How To Name A Royal Baby
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  • bigfire

    Louis is named after Prince Charles’ great uncle Lord Louis Mountbatten, the last Viceroy of India and a Naval war hero from WWII. Lord Mountbatten was also the man who introduced his nephew Prince Philip of Greece to a young Elizabeth, and was a favor uncle figure to Charles.

  • f1b0nacc1

    I was hoping for Phillip

    • M. Thompson

      Ain’t gonna happen. The last time was Mary’s King Consort who was Spanish.

  • Boritz

    It’s interesting that even though George III lost the colonies the name is not tainted and there have been three and now potentially a fourth George on the throne since that one. On the other hand Harold II lost to the French and that has not yet been forgiven.

    • tarentius

      Harold II lost his very shaky claim on the throne of England to William of Normandy, not the French. The Vikings and other Norse settled what became Normandy about 150 years before William invaded England. William and his warriors did not consider themselves French, but Norman.
      The Windsors, who so named themselves during the First World War because of their German roots, have produced a rather mediocre line of kings and queens.

  • diane

    Alfred? But Alfred would be a hard act to follow; who would want to risk “Alfred the not-as-Great”?

    If a commoner’s name could be selected, Winston would be a good choice.

  • Hugh

    British monarchs choose their titles once the ascend to the throne. Charles will not automatically become King Charles. He, apparently, intends to become King George.

    • Andrew Allison

      That practice stopped, at least temporarily, with Elizabeth II who, when asked what name she would take replied, “Why, my own of course!” Charles, if he ever ascends to the throne (by no means certain), will have the option of changing his name but, having been around for as long as he has, seems unlikely to do so.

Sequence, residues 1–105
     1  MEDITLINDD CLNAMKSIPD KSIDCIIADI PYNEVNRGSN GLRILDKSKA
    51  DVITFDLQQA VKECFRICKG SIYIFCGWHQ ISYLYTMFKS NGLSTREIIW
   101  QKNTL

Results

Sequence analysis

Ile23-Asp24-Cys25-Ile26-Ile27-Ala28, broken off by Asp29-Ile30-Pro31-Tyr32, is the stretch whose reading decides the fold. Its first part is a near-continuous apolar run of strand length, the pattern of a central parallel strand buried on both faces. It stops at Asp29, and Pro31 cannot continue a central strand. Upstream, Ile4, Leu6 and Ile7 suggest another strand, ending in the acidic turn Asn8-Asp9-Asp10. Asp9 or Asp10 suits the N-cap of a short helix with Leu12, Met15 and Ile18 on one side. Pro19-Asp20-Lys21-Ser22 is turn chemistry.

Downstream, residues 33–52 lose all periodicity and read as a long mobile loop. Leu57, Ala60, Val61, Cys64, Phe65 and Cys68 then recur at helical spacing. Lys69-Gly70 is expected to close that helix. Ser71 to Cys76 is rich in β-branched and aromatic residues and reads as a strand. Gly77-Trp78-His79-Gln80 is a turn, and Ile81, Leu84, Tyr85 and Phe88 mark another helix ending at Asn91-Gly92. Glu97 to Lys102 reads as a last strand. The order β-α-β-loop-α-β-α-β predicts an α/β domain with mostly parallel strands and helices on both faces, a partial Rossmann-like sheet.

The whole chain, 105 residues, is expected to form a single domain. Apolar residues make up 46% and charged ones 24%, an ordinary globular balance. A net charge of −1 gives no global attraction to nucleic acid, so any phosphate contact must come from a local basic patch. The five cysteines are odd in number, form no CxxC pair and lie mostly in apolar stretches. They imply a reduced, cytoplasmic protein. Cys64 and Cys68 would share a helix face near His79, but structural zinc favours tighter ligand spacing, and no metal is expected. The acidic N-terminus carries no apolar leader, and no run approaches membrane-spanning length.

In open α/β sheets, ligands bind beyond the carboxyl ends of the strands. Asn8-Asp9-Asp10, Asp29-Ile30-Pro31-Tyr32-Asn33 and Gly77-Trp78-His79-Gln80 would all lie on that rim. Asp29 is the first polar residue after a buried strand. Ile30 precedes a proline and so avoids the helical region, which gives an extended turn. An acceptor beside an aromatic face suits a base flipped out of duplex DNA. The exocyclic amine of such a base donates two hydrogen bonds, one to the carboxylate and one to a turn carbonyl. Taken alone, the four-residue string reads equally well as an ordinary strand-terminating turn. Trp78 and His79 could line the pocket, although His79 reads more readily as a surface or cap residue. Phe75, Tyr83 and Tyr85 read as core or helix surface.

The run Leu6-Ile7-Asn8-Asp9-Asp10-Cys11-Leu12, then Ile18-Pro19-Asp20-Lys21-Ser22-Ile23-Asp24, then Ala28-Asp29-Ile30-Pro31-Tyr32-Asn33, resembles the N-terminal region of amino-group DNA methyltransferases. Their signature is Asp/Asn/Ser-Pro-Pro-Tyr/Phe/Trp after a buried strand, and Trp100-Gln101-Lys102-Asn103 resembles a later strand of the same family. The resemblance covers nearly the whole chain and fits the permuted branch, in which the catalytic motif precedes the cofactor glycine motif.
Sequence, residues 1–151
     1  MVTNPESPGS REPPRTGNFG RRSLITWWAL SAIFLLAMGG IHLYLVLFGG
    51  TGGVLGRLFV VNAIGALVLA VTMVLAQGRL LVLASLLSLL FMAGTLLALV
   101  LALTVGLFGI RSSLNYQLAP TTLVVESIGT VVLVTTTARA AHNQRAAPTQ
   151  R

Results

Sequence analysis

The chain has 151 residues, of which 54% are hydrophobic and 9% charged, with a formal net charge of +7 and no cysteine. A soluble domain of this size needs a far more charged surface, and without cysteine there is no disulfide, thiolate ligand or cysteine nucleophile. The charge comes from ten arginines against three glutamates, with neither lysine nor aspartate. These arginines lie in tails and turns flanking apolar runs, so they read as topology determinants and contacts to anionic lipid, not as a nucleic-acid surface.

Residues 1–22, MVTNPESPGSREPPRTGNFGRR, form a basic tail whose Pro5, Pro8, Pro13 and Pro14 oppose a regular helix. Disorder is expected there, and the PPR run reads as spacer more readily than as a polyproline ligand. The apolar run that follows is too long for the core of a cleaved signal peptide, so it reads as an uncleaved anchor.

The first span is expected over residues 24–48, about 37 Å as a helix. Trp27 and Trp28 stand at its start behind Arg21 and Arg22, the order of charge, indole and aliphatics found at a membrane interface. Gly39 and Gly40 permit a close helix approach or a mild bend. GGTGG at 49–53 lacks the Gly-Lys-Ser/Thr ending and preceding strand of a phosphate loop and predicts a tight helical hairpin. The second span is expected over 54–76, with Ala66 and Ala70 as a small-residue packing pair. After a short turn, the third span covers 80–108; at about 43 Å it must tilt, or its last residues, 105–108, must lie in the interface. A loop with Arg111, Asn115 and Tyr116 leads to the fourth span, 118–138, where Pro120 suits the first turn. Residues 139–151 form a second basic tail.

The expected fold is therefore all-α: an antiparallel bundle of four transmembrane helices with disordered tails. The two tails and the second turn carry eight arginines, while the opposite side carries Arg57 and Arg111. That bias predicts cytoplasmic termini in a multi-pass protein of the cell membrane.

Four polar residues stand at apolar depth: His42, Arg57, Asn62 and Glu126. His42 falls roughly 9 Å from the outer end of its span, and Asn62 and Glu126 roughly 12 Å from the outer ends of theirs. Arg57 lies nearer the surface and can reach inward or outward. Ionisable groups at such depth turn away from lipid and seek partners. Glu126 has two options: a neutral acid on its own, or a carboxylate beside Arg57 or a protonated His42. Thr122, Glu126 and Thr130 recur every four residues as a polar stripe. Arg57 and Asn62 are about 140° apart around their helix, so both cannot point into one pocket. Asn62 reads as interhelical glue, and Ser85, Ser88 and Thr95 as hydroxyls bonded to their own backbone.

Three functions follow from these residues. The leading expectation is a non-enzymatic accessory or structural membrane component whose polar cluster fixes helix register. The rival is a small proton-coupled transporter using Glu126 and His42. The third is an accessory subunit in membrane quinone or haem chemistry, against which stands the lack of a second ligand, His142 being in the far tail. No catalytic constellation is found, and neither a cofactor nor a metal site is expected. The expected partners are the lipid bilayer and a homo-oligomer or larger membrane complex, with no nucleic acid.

• wigwag

    I knew that Richard wasn’t an option, by why not “Arthur?”

    • Nick Bidler

      This was my first thought as well, but then I thought further; it would certainly encourage millennial thinking. The End Times (or Britain’s Greatest Hour of Need) are upon us, as evidenced by the return of King Arthur.

  • Corlyss

    “Windsors go back to Edward”

    I bet right now they never go back to that. Elizabeth still blames her lazy, self-centered, sex-besotted uncle for the death of her father. By forcing him to take the throne for which he had not been groomed and which had so much stress associated with it, so the charge goes, Edward shortened the nervous and anxious Bertie’s life considerably. One has to concede, however, that of the two, Bertie was by far the more appealing personality to stand with the Brits amid the ruins and fight the hated Hun.

  • Kavanna

    Don’t you mean George II? He was a fine king, although the highland Scots don’t like him for putting down the 1745 rebellion. George III was stubborn and eventually semi-insane, besides losing his American colonies.

    Of course, the Windsors produced some embarrassments. Then again, they produced Victoria.

  • USNK2

    The birth of George Alexander Louis was the most positive news of the week. Congratulations to the family.

    I think George is a fine choice, with Greek etymology meaning farmer, a nice aspect.

    I do hope the 200th anniversary of the publication of “Pride and Prejudice” coming in January, 2014, will not produce any backlash, what with George (alas) being the name of the most odious of all of Austen’s male characters, George Wickham.

    As to Mr. Mead’s “We don’t want or need royals here in the US,”, sometimes I wonder if the American experiment would have been a Constitutional Parliamentary Monarchy at a different moment in history.

    The duties of Head of State are significant, a fulltime job, which the USA has yet to figure out with our “Presidency”. There are always risks with hereditary monarchies, but it sure keeps a nation from having a never-ending election campaign cycle.

    Two other congratulations go to:

    1) Range Rover, and

    2) Queen Elizabeth II, not least for her role in transforming an imperial over-power into the British Commonwealth of Nations.
    .

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